• Bristlecone Pine

    Great Basin

    National Park Nevada

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  • Road Work at Great Basin National Park

    The Scenic Drive is open with up to 15 min delays due to road work. Wheeler Peak Campground will be closed for the day on October 14th. Lower Lehman Campground will be closed for the day on October 15th. Click more for details. Updated 10/9/14 More »

  • Snake Creek Road and Campsites Closed

    The Snake Creek Road will be closed from the park boundary into the park to begin work on campsites, trails and restroom improvements. Work will continue until snow closes the project. Work will resume in Spring 2015.

Picnic Areas

Wheeler Peak from Mather Overlook

Wheeler Peak from Mather Overlook

NPS PHOTO

Lehman Caves Visitor Center Picnic Area has several accessible tables and fire grills. Restrooms and water are available in the summer season.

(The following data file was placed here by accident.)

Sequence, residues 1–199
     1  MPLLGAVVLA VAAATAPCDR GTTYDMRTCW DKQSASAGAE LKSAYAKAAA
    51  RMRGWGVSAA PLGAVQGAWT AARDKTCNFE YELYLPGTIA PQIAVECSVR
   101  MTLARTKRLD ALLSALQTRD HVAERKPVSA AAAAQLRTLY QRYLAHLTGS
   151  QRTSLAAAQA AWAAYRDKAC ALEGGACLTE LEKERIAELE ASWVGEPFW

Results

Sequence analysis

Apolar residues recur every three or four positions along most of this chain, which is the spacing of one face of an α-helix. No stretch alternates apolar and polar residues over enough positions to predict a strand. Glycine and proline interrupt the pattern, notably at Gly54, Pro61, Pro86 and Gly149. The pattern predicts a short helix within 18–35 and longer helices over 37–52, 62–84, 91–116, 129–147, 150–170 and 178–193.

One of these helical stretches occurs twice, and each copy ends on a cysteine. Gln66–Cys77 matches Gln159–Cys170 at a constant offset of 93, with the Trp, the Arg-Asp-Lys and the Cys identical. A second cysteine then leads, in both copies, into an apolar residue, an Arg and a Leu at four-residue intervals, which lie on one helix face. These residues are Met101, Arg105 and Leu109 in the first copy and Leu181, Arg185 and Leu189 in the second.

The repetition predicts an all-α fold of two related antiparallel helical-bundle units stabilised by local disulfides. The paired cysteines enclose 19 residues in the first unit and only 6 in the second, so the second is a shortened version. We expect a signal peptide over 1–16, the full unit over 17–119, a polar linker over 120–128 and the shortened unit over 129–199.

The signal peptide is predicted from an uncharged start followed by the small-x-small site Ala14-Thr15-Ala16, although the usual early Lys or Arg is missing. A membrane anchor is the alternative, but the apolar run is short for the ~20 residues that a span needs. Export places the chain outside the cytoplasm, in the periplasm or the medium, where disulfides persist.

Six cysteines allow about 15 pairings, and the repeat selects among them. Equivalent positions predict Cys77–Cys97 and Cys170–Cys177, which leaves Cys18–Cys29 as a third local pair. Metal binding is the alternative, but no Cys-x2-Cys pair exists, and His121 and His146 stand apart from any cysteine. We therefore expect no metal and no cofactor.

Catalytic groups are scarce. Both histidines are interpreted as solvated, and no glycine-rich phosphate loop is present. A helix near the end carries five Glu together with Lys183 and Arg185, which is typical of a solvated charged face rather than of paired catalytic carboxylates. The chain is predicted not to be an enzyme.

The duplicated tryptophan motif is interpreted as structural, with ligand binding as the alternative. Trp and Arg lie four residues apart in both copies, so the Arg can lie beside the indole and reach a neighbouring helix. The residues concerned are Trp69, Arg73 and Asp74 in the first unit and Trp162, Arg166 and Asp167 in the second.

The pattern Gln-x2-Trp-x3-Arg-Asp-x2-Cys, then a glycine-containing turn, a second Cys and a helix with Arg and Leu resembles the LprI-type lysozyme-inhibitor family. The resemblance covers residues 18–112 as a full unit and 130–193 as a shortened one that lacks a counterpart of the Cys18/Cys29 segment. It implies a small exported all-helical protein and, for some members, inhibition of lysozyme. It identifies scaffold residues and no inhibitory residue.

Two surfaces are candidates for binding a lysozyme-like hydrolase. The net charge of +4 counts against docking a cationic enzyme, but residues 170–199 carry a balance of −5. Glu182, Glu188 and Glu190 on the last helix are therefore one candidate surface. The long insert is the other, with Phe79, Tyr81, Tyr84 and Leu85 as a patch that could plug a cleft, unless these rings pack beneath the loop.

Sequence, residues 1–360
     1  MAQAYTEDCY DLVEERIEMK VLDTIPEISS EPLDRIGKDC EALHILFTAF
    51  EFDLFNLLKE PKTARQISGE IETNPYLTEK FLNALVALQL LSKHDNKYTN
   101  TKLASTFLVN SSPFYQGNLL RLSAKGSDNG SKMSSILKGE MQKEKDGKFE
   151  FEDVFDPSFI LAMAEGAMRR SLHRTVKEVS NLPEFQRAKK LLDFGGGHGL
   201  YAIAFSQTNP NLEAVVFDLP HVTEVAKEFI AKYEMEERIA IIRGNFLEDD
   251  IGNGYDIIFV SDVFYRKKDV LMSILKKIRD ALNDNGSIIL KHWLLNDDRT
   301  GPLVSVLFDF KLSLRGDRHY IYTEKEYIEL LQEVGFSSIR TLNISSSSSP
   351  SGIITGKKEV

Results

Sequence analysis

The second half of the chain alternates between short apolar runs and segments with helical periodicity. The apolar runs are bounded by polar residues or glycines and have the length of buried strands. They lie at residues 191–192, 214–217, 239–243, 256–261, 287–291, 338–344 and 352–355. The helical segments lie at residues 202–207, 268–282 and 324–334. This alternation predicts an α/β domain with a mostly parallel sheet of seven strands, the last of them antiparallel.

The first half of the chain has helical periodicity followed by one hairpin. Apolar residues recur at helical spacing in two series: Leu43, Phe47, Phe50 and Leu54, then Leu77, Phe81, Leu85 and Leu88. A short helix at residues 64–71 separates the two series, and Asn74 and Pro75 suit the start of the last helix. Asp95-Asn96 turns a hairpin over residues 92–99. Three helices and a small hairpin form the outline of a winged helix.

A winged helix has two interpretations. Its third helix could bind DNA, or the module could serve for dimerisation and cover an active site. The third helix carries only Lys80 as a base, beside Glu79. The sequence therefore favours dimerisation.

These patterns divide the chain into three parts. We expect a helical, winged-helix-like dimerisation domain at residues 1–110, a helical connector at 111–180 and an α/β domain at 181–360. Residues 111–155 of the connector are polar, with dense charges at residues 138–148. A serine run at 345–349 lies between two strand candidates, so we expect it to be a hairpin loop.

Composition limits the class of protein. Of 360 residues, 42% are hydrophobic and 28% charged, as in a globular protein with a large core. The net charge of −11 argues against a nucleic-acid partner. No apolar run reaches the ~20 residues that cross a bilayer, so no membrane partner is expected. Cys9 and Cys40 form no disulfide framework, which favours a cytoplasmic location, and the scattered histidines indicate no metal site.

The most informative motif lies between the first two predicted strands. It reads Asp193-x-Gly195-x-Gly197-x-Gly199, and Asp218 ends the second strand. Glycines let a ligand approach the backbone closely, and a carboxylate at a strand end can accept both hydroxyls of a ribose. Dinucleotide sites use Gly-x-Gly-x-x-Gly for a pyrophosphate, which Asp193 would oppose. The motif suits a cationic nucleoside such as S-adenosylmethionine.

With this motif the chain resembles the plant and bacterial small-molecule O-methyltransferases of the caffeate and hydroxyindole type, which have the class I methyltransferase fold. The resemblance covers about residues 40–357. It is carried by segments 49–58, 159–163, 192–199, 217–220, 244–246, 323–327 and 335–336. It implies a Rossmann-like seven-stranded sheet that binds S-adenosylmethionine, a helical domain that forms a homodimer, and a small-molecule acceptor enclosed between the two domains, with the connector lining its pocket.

Upper Lehman Creek Campground has several picnicking possibilities, including an area near the host site, tables near the amphitheater, and a group picnic area available by reservation by calling 775-234-7511.

Mather Overlook, approximately eight miles up the Wheeler Peak Scenic Drive, has a picnic table, wooden deck, viewing telescope, restroom, and incredible views of the Lehman Creek drainage.

Pole Canyon Trailhead Picnic Area, located off Baker Creek Road, has several accessible tables, fire grills, and a restroom. Water is not available.

The Bristlecone Trail Parking Area, located at the end of the Wheeler Peak Scenic Drive, has picnic tables and a restroom. Enjoy your lunch in the spruce and pine forest at a cool 10,000 feet.

A special use permit is required for use of the group picnic area and must be applied for at least two weeks in advance. The fee for use of the area is $25. Maximum group size is 75. Call (775) 234-7511 for reservations and information.

Did You Know?

Century + year old orchard; Photographed by Bryan Petrytyl

The apricot trees in front of the Lehman Caves Visitor Center in Great Basin National Park are over 100 years old! The trees are thought to have been planted by Absalom Lehman, discoverer of Lehman Caves. These historic fruit trees continue to produce today.